By Caroline Klein and Yosuke Jin, OECD Economics Department
Romania’s economic growth has been impressive over the past decades: its income per capita has reached about 60% of the OECD average, vs. only around 30% two decades ago. However, the COVID-19 crisis put a halt to progress in living standards, despite a strong rebound of activity after the lockdown in 2020. The recovery remains fraught with risks, including further restrictions in response to the sharp rise in infection cases, persistent supply chains disruptions and stronger than expected inflationary pressures.
Romania is also facing major long-term challenges, with an ageing population, still prevalent poverty, especially in rural areas and in the Roma population, slowing productivity growth, and high air pollution. The implementation of the National Recovery and Resilience Plan is a unique opportunity to address these challenges, as the plan includes EUR 14.2 billion of grants, amounting to around 6.5% of GDP, and important structural reforms. The OECD forecasts GDP to grow at around 4.5% on average over the next two years, in part owing to this plan. But, for its benefits to spread in the longer term, the plan should be used effectively to accelerate the digital and the green transitions.
Against this background, the 2022 OECD Economic Survey of Romania presents recommendations on reforms that would help Romania converge towards OECD standards.
Firstly, the budget and the current account deficits have deepened to worrying levels, calling for prudent macroeconomic policies. In particular, the budget deficit reached 9% of GDP in 2020. Room to reduce public spending is limited. Essential public services, such as education and health, are underfunded, and the green transition requires considerable investments. At the same time, tax revenues are low by OECD norms, amounting to 26% of GDP against 34% on average in the OECD in 2019. To restore Romania’s fiscal space and make the tax system fairer and more efficient, the modernisation of the tax administration should accelerate, inefficient reduced tax rates and special provisions be eliminated, and less distortive taxes, such as property taxes, raised. The reform of the pension system, whose previous design undermined the sustainability of public finances, is also a central part of the consolidation strategy. It should include the harmonisation of the legal retirement ages and a revised benefit formula.
Secondly, policies should promote equality of opportunities. Around 30% of the Romanian population is at risk of poverty or social exclusion, one of the highest rates in the EU. Poverty hit those detached from the labour market, a group in which youth, women and the Roma are overrepresented (Figure 1). Around a quarter of the working age population has below upper secondary education, too many young people leave school before getting adequate qualifications to thrive in the labour market, and participation in adult education is low. The funding system of schools should be reformed, as schools do not receive adequate resources to support vulnerable students. Strengthening training and guidance services in public employment services would also help developing upskilling options. Childcare and long-term care services need to be expanded. Women would benefit most, as, like in many OECD countries, they are the main informal caregivers. Romania lags most OECD countries in access to high-quality healthcare, especially in rural areas. Developing mobile health centres would help address shortages and increase vaccination rates from very low levels.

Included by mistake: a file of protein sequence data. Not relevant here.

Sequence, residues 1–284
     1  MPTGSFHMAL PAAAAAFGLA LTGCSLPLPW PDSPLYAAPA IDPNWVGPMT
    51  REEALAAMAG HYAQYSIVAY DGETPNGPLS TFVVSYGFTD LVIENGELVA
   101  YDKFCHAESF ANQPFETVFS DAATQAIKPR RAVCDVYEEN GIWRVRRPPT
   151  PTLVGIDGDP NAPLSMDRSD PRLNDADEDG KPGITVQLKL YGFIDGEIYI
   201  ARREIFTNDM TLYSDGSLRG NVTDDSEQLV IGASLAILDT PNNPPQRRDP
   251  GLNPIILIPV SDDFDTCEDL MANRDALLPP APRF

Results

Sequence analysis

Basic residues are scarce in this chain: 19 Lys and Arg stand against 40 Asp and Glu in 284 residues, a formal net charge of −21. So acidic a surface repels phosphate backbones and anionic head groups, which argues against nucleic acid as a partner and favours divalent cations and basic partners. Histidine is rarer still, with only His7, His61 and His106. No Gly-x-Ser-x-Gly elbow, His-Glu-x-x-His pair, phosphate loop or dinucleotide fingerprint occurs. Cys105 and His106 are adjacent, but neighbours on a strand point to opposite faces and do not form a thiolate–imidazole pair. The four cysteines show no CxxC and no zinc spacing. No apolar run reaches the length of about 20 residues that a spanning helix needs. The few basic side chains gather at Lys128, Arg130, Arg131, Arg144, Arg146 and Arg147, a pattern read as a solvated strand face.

Figure 1. Some groups have difficulties to join the labour market
Labour market participation rate, %
Thirdly, improving the business environment is key to foster productivity growth. The creation of highly innovative firms is limited in Romania compared with OECD countries. In parallel, around 30% of companies were loss making in 2019, suggesting market discipline is weak. For prospective firms to enter and grow unimpeded in the market, the regulatory framework needs to be improved, as it is among the most restrictive according to the OECD Product Market Regulation Indicators (Figure 2). Administrative burden on entrepreneurship and state control must be reduced. As many firms are undercapitalised, access to finance should be enhanced significantly by developing risk capital markets. Courts are congested, with a high number of backlog cases, lengthening insolvency procedures. To facilitate the smooth exit of unprofitable firms, out-of-court mechanisms should be developed, and judicial efficiency enhanced, beginning by collecting sufficient data to accurately assess the functioning of the court system.
Figure 2. Product market regulation needs to be improved
2018, index scale 0-6 from least to most restrictive
The quality of infrastructure remains low compared with OECD countries, undermining sustainable productivity growth and regional development. Romania should seize the unprecedented opportunity offered by EU funds to invest in road and rail. The absorption of EU funds must be accelerated by ensuring policy consistency to implement prioritised investment projects without disruption. Finally, the rule of law is fundamental for a market economy to function properly. 88% of companies consider corruption is a problem when doing business in Romania. Recent efforts by the Romanian government to fight corruption should be intensified.
OECD (2022), OECD Economic Surveys: Romania 2022, OECD Publishing, Paris, https://doi.org/10.1787/e2174606-en.